Mychal Kendricks, in his second year after recording 75 combined tackles in his 2012 rookie campaign, is moving inside this upcoming year and should start.
As for the other spot on the right wing, expect either Cole or Brandon Graham to drop back and fill that slot.
One name to watch is Casey Matthews. After landing himself among those outside the starting rotation under Andy Reid, Matthews could flourish under his old coach (he played for Kelly at Oregon).
Nnamdi Asomugha and Dominique Rodgers-Cromartie are out of the picture now with a bevy of hungry, undervalued players waiting in the wings to take over starting-corner duties.
Cary Williams and Bradley Fletcher—considering their experience in the league and how Kelly went out to sign them—should have the inside track to the primary roles.
However, don't be shocked to see Jordan Poyer compete for legitimate playing time.
Poyer was an All-American in college at Oregon State and probably would have been selected higher than the second round had it not been for off-the-field issues.
He has his eyes set on the Eagles' nickel-corner spot, and it's within his grasp.
The safety situation seems like it's being overlooked despite some serious intrigue that comes with the group Philadelphia has assembled.
Will the group have a guy able to finally replace what Brian Dawkins brought to the table? Eh, probably not.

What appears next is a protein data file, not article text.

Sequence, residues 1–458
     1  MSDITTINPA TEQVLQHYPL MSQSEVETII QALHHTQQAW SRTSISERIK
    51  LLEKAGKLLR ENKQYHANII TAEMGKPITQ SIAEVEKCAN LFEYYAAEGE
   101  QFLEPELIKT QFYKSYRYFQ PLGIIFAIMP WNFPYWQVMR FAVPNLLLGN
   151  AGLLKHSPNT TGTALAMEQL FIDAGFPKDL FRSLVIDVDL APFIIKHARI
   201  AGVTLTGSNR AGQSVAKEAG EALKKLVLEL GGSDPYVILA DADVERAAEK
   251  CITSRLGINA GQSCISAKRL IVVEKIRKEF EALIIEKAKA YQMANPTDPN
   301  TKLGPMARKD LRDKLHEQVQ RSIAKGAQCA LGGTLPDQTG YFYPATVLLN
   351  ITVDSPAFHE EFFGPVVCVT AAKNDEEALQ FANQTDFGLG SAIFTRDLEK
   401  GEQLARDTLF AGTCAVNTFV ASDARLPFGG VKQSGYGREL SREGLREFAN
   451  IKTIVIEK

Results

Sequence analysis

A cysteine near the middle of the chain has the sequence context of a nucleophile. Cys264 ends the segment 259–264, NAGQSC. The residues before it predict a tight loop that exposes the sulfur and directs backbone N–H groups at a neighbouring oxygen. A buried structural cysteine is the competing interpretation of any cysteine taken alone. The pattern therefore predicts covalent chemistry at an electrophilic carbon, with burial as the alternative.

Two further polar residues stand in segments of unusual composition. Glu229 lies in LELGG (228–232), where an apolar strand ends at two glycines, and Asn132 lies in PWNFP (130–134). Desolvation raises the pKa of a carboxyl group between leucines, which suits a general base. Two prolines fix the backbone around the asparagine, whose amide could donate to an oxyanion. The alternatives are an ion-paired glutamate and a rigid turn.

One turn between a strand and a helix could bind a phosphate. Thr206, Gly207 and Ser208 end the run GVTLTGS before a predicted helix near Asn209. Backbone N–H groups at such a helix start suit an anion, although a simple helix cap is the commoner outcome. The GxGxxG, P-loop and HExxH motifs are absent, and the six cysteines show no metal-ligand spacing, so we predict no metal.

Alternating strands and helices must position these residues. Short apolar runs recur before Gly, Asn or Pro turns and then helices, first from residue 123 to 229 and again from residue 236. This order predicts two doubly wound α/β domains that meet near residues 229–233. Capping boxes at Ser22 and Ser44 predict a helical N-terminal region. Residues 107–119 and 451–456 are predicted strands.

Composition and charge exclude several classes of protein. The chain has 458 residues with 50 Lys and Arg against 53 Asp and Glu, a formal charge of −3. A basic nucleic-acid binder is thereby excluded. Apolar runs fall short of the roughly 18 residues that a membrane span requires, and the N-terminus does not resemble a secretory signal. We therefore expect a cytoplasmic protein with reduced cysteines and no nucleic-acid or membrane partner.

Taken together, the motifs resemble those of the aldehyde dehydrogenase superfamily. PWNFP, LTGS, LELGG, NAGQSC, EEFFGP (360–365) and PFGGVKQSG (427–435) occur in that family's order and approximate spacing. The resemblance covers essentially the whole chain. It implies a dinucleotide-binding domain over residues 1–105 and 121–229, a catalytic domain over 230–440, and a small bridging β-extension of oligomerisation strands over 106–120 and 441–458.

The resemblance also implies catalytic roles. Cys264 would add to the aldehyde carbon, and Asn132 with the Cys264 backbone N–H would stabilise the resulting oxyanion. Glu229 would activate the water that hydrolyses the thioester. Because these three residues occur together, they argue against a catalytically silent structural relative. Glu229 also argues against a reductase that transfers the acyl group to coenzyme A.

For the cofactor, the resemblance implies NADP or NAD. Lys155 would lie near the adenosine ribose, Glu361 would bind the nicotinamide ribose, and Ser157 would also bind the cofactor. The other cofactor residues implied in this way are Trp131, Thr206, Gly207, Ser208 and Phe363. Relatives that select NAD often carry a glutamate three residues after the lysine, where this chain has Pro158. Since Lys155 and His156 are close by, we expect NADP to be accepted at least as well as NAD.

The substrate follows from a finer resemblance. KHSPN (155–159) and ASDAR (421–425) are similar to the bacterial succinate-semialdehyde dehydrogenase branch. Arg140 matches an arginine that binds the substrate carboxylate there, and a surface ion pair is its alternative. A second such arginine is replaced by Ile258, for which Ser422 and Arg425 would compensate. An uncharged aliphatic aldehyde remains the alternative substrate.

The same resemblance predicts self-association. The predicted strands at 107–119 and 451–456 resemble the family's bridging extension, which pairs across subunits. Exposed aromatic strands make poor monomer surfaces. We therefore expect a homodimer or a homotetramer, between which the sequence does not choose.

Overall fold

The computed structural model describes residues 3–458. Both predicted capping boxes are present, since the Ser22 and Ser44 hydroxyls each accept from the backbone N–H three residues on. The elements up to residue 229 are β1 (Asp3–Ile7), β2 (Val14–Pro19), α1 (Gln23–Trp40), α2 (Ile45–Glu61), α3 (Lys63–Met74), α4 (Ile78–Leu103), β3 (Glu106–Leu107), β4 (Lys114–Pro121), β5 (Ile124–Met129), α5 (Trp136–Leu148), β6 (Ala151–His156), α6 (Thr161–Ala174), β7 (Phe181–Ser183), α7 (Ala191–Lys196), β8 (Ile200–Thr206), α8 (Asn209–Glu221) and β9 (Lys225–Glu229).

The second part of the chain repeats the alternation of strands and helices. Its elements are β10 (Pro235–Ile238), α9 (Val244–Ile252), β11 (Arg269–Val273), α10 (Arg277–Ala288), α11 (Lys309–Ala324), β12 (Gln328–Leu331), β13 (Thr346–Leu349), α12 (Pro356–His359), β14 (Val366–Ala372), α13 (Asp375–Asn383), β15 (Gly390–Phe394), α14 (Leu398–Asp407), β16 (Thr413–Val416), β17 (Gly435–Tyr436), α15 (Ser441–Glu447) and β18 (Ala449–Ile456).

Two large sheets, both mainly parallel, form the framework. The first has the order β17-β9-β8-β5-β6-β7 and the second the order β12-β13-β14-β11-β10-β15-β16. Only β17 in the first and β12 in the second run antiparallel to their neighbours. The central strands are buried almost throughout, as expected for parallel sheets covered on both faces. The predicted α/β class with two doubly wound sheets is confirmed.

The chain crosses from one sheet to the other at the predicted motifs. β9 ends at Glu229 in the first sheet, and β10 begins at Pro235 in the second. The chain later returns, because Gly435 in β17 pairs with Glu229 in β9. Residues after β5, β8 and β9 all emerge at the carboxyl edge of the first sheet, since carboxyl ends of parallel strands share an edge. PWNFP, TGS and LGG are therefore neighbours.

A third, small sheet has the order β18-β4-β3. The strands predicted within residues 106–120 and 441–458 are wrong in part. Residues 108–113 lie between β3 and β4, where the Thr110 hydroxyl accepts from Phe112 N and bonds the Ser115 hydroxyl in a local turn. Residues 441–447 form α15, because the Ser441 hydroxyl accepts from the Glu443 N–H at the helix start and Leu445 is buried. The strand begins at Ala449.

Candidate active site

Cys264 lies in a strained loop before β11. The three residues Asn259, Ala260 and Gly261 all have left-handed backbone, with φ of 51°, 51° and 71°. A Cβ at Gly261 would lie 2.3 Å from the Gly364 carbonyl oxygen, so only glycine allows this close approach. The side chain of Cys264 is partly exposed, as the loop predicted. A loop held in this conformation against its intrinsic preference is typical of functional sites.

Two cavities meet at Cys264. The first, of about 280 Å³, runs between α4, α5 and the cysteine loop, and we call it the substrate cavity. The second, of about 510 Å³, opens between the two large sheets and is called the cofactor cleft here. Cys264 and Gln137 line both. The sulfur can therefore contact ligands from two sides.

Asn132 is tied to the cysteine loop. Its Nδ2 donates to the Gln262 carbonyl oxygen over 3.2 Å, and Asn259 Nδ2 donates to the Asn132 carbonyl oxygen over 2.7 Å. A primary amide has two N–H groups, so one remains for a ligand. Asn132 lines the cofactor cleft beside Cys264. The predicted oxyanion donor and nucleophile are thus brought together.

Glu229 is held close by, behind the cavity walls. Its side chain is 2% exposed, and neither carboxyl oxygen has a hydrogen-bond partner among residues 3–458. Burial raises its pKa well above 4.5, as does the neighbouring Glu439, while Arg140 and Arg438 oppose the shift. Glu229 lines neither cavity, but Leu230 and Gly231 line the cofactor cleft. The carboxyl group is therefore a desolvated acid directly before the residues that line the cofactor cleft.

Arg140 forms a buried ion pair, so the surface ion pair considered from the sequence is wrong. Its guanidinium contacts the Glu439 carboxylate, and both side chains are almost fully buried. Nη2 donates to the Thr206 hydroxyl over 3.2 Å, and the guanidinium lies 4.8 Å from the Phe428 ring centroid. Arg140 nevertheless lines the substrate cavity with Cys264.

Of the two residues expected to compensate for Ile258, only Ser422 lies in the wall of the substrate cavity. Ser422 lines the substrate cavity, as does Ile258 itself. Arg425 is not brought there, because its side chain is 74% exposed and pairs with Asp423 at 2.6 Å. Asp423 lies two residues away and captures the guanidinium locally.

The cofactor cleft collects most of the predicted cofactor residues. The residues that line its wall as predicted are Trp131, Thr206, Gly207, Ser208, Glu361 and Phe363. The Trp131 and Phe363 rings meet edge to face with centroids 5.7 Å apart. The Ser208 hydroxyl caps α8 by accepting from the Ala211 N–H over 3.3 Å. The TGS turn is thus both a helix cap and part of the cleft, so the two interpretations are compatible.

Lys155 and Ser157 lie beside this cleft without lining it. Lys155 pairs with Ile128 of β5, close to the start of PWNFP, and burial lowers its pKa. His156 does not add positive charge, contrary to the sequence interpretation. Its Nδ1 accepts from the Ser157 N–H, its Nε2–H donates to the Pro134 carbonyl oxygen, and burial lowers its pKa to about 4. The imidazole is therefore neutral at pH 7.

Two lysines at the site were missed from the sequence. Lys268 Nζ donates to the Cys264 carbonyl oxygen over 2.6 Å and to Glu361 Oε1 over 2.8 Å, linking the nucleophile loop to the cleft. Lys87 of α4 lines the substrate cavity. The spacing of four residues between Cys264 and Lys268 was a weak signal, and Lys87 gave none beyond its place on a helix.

That's tough of anyone to ask, but Nate Allen really hasn't been cutting it the past couple of years.
The Eagles brought in Patrick Chung, Kenny Phillips and rookie Earl Wolff to shore up the position, and it should help.
Chung and Phillips (when healthy) are vets with valuable knowledge of the pro game and quarterbacks' tendencies, while Wolff is a project that could pay off.
If Phillips' injuries nag at all during training camp, expect Chung and Wolff to start at safety for Philly.
With regards to the kicking game, no one is competing with Alex Henery for his starting place-kicker position.
In Henery's second year in the league, his field-goal percentage dropped slightly (88.9 percent in 2011 to 87.1 percent in 2012).
But, the number of field goals from 40 yards or longer were significantly more last season compared to the year prior (13 to six), so expect him to be rock-solid in 2013.
In terms of punting, the signing of undrafted free agent Brad Wing was a noteworthy move by Kelly, but it doesn't seem as if it'll pan out.
That's not a good start, and if he doesn't pass the test and make the team, it appears fellow former-LSU Tiger booter Donnie Jones will own the starting role.
Wing was activated from the non-football injury list according to Reuben Frank of CSNPhilly.com.